The primary component of a blister pack is a cavity or pocket made from a formable web, usually a thermoformed plastic. This usually has a backing of paperboard or a lidding seal of aluminum foil or plastic. A blister that folds onto itself is often called a clamshell.
Blister packs are useful for protecting products against external factors, such as humidity and contamination for extended periods of time. Opaque blisters also protect light-sensitive products against UV rays.
Blister packs are used to package products such as toys, hardware, medication, etc.
Many blister packaging machines use heat and pressure via a die to form the cavity or pocket from a roll or sheet of plastic. In recent years, improvements in cold forming, specifically allowing steeper depth/angles during forming, which minimizes the amount of material used for each cavity—have helped this technology increase. The main advantages of the plastic-based blister pack are its more compact size compared to cold formed aluminum and its transparency to see the product.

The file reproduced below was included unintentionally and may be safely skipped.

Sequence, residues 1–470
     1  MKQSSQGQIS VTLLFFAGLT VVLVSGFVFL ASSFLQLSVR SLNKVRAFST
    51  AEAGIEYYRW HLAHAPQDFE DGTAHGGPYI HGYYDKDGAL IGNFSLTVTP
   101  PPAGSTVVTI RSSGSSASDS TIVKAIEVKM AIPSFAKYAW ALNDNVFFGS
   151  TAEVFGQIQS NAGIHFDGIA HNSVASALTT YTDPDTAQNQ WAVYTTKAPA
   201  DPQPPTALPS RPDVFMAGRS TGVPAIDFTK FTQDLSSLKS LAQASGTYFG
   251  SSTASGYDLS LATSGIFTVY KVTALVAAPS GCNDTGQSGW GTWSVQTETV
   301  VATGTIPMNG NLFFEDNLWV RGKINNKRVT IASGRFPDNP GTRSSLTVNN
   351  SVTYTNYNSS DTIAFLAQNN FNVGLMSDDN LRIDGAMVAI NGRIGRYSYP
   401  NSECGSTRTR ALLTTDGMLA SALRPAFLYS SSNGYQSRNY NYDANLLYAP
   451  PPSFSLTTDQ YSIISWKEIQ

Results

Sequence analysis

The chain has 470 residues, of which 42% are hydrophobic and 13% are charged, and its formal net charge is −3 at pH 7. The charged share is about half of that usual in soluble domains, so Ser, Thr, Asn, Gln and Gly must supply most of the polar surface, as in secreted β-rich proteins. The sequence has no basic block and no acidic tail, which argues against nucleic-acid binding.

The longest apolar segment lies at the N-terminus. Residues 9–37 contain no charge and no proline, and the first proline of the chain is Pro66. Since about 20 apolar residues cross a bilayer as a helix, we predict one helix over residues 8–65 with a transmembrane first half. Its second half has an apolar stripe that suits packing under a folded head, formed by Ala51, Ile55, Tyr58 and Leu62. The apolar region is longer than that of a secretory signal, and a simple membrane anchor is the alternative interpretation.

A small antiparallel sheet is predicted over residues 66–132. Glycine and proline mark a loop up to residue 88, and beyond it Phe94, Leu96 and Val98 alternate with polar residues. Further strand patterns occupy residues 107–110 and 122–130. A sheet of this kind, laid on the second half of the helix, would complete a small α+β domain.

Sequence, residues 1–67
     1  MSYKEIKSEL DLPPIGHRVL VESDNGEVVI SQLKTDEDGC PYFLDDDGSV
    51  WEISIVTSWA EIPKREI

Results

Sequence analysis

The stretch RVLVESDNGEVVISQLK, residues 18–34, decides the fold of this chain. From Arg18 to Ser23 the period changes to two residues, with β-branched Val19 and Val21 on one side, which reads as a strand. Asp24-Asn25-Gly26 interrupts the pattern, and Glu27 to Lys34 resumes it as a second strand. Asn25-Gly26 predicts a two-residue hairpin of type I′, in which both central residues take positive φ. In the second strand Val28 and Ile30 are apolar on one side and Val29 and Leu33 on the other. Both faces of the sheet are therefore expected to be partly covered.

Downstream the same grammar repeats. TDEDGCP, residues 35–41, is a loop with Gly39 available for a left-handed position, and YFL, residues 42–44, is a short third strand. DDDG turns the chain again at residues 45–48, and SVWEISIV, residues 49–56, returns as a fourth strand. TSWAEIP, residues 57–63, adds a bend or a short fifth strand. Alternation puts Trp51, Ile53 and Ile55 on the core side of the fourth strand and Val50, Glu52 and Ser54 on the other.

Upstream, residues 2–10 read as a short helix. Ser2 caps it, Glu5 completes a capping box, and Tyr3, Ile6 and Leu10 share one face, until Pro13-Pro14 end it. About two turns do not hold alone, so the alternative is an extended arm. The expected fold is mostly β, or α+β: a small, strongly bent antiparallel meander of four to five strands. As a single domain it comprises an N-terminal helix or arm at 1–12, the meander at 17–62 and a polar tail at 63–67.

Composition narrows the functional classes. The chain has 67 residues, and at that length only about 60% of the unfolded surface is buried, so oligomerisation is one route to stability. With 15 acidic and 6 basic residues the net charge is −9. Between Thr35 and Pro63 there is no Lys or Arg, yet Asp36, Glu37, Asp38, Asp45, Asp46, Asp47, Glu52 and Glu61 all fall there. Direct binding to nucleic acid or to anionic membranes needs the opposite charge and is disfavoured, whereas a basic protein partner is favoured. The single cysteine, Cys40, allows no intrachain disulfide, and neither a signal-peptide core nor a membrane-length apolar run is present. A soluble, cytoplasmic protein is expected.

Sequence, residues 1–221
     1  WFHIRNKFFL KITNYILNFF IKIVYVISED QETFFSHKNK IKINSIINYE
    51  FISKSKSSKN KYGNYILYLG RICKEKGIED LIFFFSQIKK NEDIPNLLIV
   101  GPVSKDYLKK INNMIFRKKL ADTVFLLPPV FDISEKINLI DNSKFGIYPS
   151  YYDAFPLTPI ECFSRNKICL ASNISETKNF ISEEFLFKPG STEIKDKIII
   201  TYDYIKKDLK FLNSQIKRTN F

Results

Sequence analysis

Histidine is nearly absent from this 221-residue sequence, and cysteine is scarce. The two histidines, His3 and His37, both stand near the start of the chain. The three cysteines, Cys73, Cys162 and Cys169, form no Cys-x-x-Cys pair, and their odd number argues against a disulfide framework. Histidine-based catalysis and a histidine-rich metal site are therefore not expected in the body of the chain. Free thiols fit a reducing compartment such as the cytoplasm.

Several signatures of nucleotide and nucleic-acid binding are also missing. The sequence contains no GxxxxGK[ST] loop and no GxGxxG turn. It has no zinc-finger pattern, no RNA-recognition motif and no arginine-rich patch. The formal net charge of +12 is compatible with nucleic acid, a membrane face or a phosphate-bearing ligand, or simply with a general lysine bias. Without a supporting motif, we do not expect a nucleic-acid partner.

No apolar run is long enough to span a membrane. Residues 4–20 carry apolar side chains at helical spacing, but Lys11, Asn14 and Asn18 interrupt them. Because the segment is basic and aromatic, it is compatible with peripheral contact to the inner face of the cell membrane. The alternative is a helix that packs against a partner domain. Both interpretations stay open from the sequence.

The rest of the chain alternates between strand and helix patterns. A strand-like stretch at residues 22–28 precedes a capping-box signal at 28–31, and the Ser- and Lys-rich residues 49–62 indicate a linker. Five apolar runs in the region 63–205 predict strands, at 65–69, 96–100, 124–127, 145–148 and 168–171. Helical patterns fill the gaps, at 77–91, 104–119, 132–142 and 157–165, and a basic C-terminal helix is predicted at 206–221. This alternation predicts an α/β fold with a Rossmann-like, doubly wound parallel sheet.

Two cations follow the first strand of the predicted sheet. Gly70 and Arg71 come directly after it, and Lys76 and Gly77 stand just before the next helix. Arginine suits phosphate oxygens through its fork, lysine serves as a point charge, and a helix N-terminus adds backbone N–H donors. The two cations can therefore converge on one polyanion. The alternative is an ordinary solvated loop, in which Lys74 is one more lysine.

Blister packs are commonly used as unit-dose packaging for pharmaceutical tablets, capsules or lozenges. Blister packs can provide barrier protection for shelf life requirements, and a degree of tamper resistance. In the US, blister packs are mainly used for packing physician samples of drug products or for over-the-counter (OTC) products in the pharmacy. In other parts of the world, blister packs are the main packaging type since pharmacy dispensing and re-packaging are not common. A series of blister cavities is sometimes called a blister card or blister strip as well as blister pack. The difference between a strip pack and blister pack is that a strip pack does not have thermo-formed or cold formed cavities; the strip pack is formed around the tablet at a time when it is dropped to the sealing area between sealing moulds. In some parts of the world the pharmaceutical blister pack is known as a push-through pack (PTP), an accurate description of two key properties (i) the lidding foil is brittle, making it possible to press the product out while breaking the lidding foil and (ii) a semi-rigid formed cavity being sufficiently collapsible to be able to dispense the tablet or capsule by means of pressing it out with the thumb. Breaking the lidding foil with a fingernail for the appropriate tablet will make the pressing out easier.